6. KBS Sells 580 KSF St. Louis Office Property “KBS has sold a 579,846-square-foot office complex in the St. Louis-area to Lingerfelt CommonWealth Partners for an undisclosed price. Pierre Laclede Center is a two-building, Class A property in Clatyon, Mo., that KBS acquired in 2010. Lingerfelt CommonWealth will own the tower through Lingerfelt CommonWealth Value Fund II, its discretionary investment vehicle.” (Commercial Property Executive)
  7. More Construction Cranes Are on the Way in Plano’s Legacy Business Park “You may have noticed that something's missing from the skyline in Plano's Legacy business park. That forest of construction cranes is mostly gone from the stretch of the Dallas North Tollway near Legacy Drive. Just a couple of office projects are still underway. Legacy West developer Karahan Cos. is building about 87,000 square feet of new offices in a mixed-use building on Headquarters Drive. And Heady Investments is building a 14-story office high-rise on the east side of the tollway near the Shops at Legacy.” (Dallas Morning News)
  8. Has #MeToo Changed Real Estate? “The sexual misconduct allegations against Richard Meier offer a telling case study for the #MeToo movement. In many ways, the mixed messages the case sent is indicative of how the movement has unfolded in the New York City real estate industry over the last year and a half. On the one hand, real estate firms are taking sexual harassment more seriously — not only because they’ve been forced to comply with new legislation, but also because they’re protecting themselves from financial liability.” (The Real Deal)
  9. Starwood Buys Jacksonville Office Portfolio for $231M “Starwood Real Estate Income Trust Inc. has acquired a 1.3 million-square-foot, 11-building Class A office portfolio in Jacksonville, Fla., for about $231 million through an off-market transaction, Starwood REIT announced. The Florida Office Portfolio is in the Deerwood Park submarket, which according to Starwood commands Jacksonville’s highest asking rents and has its lowest vacancies. The submarket reportedly offers convenient access to both executive and workforce housing and to North Florida’s most successful retail complex, St. Johns Town Center.” (Commercial Property Executive)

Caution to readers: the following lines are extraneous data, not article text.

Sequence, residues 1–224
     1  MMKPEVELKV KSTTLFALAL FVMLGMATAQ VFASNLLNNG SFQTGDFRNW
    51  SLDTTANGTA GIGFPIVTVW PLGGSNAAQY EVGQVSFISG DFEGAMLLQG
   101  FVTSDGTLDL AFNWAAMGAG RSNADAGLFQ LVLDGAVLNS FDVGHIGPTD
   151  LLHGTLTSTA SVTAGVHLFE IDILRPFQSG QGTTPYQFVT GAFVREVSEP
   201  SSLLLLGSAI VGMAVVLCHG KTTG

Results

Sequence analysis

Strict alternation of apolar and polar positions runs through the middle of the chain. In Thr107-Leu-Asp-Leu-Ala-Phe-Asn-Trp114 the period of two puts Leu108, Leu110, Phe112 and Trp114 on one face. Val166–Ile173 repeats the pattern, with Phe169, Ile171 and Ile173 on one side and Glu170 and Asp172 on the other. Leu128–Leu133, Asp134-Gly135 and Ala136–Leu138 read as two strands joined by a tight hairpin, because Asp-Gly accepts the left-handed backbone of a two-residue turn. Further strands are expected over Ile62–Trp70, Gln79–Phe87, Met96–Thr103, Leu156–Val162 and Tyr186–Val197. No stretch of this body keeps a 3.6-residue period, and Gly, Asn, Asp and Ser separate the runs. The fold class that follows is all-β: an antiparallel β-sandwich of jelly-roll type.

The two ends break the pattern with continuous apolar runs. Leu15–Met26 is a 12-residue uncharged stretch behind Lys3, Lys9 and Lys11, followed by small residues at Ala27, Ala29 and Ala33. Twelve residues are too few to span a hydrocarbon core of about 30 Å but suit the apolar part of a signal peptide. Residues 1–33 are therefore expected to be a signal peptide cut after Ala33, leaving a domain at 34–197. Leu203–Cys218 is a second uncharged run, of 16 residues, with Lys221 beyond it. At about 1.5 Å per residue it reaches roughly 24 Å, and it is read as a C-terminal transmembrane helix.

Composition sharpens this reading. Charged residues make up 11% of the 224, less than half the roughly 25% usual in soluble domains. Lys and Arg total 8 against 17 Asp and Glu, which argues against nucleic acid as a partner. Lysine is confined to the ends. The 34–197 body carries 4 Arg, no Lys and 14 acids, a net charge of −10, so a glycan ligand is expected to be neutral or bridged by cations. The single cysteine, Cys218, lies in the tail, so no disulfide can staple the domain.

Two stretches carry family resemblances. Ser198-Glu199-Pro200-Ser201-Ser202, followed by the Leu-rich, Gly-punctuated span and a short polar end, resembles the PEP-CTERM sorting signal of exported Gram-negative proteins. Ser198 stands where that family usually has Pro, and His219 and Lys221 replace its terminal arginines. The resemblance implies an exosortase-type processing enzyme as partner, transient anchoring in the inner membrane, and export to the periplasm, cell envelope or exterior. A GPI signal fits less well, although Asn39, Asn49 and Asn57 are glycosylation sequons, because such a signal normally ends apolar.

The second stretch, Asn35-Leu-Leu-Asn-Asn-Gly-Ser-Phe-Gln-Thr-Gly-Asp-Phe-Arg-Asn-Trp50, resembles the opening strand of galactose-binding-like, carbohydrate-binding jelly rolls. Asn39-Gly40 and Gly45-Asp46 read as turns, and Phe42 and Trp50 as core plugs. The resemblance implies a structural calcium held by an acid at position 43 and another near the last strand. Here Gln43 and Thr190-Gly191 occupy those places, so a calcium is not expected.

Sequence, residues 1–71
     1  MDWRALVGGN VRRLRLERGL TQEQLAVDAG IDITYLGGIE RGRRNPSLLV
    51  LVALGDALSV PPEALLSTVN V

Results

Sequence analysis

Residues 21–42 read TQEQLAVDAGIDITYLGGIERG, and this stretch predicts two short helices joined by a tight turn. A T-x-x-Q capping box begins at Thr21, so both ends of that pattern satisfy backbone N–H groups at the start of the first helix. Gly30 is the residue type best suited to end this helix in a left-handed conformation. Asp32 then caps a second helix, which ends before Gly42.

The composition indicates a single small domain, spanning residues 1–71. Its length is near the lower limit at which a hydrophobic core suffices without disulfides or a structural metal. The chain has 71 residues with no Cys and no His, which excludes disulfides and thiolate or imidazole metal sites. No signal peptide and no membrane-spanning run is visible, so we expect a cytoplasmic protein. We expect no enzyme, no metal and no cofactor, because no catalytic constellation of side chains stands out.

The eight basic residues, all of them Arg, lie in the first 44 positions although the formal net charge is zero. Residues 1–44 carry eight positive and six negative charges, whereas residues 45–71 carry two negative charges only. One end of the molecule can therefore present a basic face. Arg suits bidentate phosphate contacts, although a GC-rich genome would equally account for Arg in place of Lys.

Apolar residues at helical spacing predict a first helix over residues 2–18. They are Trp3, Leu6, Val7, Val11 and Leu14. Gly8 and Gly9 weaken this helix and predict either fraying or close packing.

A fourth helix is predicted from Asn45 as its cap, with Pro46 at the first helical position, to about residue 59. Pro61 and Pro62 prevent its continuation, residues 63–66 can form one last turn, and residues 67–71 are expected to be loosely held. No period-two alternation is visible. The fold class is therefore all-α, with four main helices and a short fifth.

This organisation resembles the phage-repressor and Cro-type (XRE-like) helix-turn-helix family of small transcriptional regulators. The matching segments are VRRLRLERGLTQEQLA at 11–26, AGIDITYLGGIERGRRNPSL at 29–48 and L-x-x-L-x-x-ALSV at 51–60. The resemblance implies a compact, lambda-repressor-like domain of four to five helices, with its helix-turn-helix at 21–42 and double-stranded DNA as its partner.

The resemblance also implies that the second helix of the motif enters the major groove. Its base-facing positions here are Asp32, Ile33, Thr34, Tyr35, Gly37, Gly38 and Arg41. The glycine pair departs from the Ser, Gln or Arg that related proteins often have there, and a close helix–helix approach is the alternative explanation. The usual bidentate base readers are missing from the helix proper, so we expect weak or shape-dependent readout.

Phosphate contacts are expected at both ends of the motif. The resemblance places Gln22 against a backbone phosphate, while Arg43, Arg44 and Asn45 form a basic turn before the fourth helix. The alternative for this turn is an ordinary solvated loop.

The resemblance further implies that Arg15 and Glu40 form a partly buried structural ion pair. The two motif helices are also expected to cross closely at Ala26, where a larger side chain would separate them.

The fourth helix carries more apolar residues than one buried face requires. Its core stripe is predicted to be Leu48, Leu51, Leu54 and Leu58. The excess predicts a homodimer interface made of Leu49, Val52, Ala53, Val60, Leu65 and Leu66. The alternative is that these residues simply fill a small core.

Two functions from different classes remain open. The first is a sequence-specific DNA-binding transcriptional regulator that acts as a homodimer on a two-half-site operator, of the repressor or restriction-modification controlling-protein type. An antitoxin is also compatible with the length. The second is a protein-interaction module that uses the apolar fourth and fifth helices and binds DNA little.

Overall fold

10. How L.A.’s Parcel Tax Will Impact CRE Properties “Los Angeles is seeing yet another real estate-focused ballot measure. On June 4, residents will vote on Measure EE, a $0.16 tax per square foot on commercial properties to raise $500 billion over the next 12 years to support the Los Angeles Unified School District. The measure was drafted in response to recent teacher strikes, according to CoStar’s Randyl Drummer, and LAUSD says that it will use the funds to attract and pay qualified teachers. Measure EE proposes to include not only residential properties but also commercial properties such as multi-unit apartments, retail spaces, and offices.” (GlobeSt.com)